Gore's dilemma: Appear loyal, but avoid touch of scandal Vice president speaks up for Clinton, but keeps out of the thick of fight


WASHINGTON -- Vice President Al Gore stood before television cameras on Wednesday and forcefully defended President Clinton. "He is the president of the country; he is also my friend," Gore said in introducing the president at the University of Illinois at Champaign-Urbana. "And I want to ask you now, every single one of you, to join me in supporting him and standing by his side."

But yesterday, in an event at the Genentech protein laboratory in South San Francisco, Calif., the vice president stuck to the usual script and made no special effort to speak out -- or up -- for the beleaguered commander in chief.

Unquestionably, Gore and Clinton are devoted friends who look out for each other personally and politically.

Yet the contrast between the two days underscores the dilemma PTC that confronts Gore. He cannot afford to appear anything but 100 percent loyal. But Gore's advisers acknowledge that they have made several calculations to make sure that the scandal does not spill onto the vice president: They have instructed aides to keep out of speeches the vice president's frequent laugh line about how, because of a glitch during Clinton's swearing-in ceremony last January, there was actually a "Gore administration" for five minutes.

Gore's advisers said they delayed the official start of a political action committee -- a vehicle to win support for his presidential hopes by helping other Democrats this year -- in part out of fear that it might leave an impression that he was moving too quickly.

"He was ready to crank out the PAC," said a leading Democrat who speaks with Gore regularly. "It's been put on hold. Everybody just stopped."

A White House official said, "They're slow-walking it."

And Gore aides, not wanting the vice president to be too prominent in Tuesday night's television coverage of the scandal and the president's State of the Union address, decided not to put him before the cameras after Clinton's speech. "There was just so much going on," one official said, adding that the decision was that "it wasn't worth it."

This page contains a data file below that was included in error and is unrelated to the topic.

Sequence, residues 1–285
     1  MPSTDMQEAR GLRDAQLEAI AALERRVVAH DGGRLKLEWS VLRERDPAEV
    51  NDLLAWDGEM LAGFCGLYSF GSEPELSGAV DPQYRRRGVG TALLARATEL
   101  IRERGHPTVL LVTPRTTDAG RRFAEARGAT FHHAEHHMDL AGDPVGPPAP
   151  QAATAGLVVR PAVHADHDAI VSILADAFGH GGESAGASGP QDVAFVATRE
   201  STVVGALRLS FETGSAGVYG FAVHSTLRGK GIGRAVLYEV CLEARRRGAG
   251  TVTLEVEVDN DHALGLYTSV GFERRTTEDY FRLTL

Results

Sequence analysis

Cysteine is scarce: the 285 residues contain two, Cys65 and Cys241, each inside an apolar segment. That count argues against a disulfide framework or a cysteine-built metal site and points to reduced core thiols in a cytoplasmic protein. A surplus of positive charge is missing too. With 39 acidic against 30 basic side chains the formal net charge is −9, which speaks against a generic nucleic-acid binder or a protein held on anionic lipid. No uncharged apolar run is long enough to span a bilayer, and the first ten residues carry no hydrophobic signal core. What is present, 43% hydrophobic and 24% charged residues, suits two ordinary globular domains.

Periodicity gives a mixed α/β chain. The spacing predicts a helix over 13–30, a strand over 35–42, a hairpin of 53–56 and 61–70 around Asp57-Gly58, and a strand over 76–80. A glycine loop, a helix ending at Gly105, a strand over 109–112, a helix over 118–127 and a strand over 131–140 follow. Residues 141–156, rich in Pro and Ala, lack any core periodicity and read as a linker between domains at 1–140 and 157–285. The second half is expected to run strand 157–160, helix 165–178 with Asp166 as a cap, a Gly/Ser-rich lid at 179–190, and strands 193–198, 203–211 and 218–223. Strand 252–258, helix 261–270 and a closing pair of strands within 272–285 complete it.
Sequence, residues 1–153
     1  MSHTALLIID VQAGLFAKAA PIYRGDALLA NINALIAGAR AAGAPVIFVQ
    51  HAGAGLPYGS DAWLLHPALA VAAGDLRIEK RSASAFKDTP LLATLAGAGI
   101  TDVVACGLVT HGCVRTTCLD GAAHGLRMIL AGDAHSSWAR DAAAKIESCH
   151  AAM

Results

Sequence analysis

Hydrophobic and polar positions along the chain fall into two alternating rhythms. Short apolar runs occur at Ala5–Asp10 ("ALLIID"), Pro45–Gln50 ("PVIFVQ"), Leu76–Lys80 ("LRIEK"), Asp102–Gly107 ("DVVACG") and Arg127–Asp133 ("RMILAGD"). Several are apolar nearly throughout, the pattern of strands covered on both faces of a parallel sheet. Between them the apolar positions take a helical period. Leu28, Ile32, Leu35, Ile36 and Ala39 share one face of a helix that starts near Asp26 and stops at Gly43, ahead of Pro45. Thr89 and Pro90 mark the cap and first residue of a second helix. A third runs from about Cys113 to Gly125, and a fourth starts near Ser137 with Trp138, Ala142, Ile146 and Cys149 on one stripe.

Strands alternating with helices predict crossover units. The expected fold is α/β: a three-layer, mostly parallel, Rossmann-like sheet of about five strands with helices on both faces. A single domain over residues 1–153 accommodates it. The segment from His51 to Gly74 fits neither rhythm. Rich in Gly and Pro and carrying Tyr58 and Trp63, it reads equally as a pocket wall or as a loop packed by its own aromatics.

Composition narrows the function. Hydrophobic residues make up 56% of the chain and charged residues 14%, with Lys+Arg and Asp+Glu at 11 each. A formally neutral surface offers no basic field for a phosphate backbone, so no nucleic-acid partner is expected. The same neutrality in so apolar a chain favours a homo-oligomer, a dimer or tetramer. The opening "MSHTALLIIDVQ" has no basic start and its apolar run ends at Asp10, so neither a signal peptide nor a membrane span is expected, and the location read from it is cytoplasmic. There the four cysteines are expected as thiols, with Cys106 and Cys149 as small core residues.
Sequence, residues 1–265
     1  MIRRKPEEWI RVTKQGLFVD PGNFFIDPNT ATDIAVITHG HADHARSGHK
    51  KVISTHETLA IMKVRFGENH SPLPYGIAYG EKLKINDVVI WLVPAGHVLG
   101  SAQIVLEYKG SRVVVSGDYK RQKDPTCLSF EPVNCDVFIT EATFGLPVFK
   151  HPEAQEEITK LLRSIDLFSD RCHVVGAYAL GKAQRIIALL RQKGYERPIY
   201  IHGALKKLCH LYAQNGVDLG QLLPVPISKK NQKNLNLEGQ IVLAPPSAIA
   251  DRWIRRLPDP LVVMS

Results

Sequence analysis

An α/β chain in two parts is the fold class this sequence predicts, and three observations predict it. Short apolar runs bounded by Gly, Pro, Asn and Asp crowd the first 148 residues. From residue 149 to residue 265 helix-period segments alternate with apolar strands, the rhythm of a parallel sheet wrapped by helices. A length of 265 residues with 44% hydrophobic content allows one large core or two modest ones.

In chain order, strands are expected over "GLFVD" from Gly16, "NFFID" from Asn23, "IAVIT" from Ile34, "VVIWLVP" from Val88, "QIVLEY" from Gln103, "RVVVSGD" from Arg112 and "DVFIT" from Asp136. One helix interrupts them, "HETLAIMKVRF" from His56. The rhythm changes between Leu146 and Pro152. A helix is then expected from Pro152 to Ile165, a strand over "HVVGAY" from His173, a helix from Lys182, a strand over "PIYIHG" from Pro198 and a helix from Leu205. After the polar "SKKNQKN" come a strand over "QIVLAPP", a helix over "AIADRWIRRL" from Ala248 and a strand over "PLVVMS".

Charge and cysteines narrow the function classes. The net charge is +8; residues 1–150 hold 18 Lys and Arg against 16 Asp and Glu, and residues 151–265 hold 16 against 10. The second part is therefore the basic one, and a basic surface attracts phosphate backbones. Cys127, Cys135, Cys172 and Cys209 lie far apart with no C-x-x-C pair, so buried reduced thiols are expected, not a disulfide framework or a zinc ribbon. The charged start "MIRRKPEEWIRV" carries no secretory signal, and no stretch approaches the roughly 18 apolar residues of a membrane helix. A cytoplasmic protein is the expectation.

Even Gore's introductions of the president in Champaign, Ill., and La Crosse, Wis., on Wednesday were carefully calibrated. While Gore vigorously asked the audiences to stand by the president, he did not mention the scandal directly. By that approach he sought to appear loyal without being drawn into the crisis.

The vice president has not added any new events to speak out on behalf of Clinton. But Gore has used previously scheduled stops -- like his appearances with the president Wednesday in the Midwest -- to lend his energetic support. But yesterday, it was back to his pre-planned schedule, with no special mentions of Clinton.

Robert Squier, Gore's longtime media consultant, said, "What he is trying to do under these tough circumstances is to keep his eyes straight ahead, doing the job the president assigned him and helping him through this any way he can."

Asked why the vice president did not appear on network television programs Sunday to defend the president, as White House aides did, Squier said it was inappropriate for Gore to discuss details of the allegations. "It just didn't seem appropriate that he's the best guy to do that," Squier said. "You don't have the vice president going out and basically doing Sunday shows on a story like that."

Pub Date: 1/30/98

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